I learned recently that Francis Fukuyama’s favorite film is Children of Men, Alfonso Cuarón’s 2006 adaptation of a P.D. James novel about a future in which no children have been born in two decades. In partnership with the New America Foundation, Slate, and Arizona State University, Fukuyama hosted a screening of the movie on Monday night at the Landmark Cinema on E Street in Washington, D.C. I went.
PHILADELPHIA—Today in Philadelphia I had a bizarre and occasionally frustrating experience. I stood for half an hour in the humidity watching women with babies strapped to their torsos be told that they could not bring water with them to watch the president speak on behalf of the indisposed Democratic presidential nominee. When I finally got to the front of the line, there were two hang-ups, one more serious than the other. The first was my reluctance to give the Hillary campaign my name, email, phone number, and postal address again. I am already a paid-up member of the Democratic Women’s Leadership Forum. I receive calls from Hill Dog’s moneymen at least twice a day (one time the ringer on my phone wasn’t turned off and the call woke up my daughter, who had just fallen asleep after an hour’s exuberance at the playground). Did I really need to double down here?
TOKYO—Anyone paying even passing attention to the news from East Asia knows that the rise of China has taken a bad turn in recent years, and that our closest allies in the region feel threatened by the increasingly belligerent policies of President Xi. It’s not clear, however, that even well informed Americans realize how dire the situation is. It’s time they paid better attention, because China’s lawless pursuit of resources and territory is coming to resemble nothing else so much as the behavior of the Japanese empire before World War Two—a disconcerting comparison I have heard more than once from analysts and government officials here, where I have been traveling with a group of journalists and policy experts on a trip arranged by the country’s Ministry of Foreign Affairs.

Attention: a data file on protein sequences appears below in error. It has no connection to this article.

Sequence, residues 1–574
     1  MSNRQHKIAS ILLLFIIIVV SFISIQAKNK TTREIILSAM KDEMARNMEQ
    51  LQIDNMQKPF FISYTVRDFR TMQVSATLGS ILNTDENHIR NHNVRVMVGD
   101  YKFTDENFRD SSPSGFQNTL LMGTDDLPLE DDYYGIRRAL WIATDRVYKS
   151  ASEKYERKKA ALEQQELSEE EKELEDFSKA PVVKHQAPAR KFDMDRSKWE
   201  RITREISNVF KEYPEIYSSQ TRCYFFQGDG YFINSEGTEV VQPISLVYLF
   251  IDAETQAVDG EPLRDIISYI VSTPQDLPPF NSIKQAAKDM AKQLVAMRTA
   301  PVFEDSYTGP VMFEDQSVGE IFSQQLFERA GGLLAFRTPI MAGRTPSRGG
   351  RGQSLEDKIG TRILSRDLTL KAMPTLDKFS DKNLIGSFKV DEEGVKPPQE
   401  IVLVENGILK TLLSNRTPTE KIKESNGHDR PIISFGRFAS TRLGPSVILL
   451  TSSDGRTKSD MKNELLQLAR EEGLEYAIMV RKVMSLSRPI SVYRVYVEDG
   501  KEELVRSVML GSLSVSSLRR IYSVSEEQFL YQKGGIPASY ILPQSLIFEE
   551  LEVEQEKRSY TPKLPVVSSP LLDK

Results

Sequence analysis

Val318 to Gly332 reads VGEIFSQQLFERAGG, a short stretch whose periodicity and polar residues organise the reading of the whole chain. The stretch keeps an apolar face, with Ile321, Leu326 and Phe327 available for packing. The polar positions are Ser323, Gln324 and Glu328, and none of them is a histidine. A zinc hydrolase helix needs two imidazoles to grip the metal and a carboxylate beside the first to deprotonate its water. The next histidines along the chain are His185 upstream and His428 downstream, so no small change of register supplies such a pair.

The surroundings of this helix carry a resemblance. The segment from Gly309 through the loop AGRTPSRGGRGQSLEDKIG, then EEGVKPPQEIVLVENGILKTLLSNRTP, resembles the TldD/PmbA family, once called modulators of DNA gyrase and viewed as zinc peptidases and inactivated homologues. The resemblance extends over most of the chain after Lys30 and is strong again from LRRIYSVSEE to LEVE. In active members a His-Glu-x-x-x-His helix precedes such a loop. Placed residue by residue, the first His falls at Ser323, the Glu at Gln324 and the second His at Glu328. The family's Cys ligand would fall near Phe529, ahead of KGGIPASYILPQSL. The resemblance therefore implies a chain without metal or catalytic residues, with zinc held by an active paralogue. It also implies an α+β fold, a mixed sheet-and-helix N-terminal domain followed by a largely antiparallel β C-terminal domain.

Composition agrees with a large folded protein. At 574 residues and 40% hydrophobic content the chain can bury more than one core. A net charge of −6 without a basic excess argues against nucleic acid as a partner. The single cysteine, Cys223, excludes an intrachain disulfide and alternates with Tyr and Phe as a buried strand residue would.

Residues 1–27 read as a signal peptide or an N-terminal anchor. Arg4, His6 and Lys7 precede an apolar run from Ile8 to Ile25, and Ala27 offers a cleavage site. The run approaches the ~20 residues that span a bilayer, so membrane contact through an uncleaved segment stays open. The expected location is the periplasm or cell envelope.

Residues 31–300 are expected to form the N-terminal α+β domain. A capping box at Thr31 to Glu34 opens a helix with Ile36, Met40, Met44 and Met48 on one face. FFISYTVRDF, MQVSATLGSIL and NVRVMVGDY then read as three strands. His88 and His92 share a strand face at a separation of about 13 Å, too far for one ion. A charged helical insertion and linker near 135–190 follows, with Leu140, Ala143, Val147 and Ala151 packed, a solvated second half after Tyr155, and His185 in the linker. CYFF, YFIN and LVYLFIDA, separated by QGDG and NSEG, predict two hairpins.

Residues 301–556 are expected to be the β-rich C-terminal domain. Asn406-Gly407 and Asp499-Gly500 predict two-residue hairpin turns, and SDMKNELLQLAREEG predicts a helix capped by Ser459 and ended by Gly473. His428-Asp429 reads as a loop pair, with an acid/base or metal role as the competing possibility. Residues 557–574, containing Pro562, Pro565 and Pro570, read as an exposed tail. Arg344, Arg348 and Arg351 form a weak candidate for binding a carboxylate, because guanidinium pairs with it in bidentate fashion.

CINCINNATI, Ohio—Of course it was pouring. Driving down I-75 in minimum-visibility road conditions past Shell stations and strip malls toward the Ark Encounter, the life-sized replica of the vessel used by Noah to save mankind and the animal kingdom from God’s wrath during the Deluge that opened last month in Williamstown, Kentucky, my only question was “Can she float?”
PHILADELPHIA—The first and only event I signed up to cover ahead of time during this week’s Democratic National Convention was a fundraiser headlined by Texas Democrat Wendy Davis. In the spirit of serious journalism, I hoped that I could show off the $120 pair of pink Mizunos that I flew across the country to purchase from her house in April.
CLEVELAND, Ohio—It is flattering to be in Cleveland for the GOP convention as a member of the press, because everything that happens here is really for me. Not me specifically, of course, or even primarily for writers at online newspapers—TV stations with large audiences are obviously higher up on the press heap—but the media as a whole, with its ability to broadcast events and to shape public opinion about them, is the whole reason-for-being of this vast, tense pep-rally.
Scene: A couple exhausts its life savings to move to a home in the Huntington section of Alexandria, Va. in order to be within walking distance of the Metro, the Washington, D.C. version of New York’s subway. They close on May 31 and move in June 12. On July 5, Metro shuts down the lines that bring Husband 11 miles to Washington Free Beacon HQ, which is located many floors above THE POLITICO. The Wife is 10 months pregnant.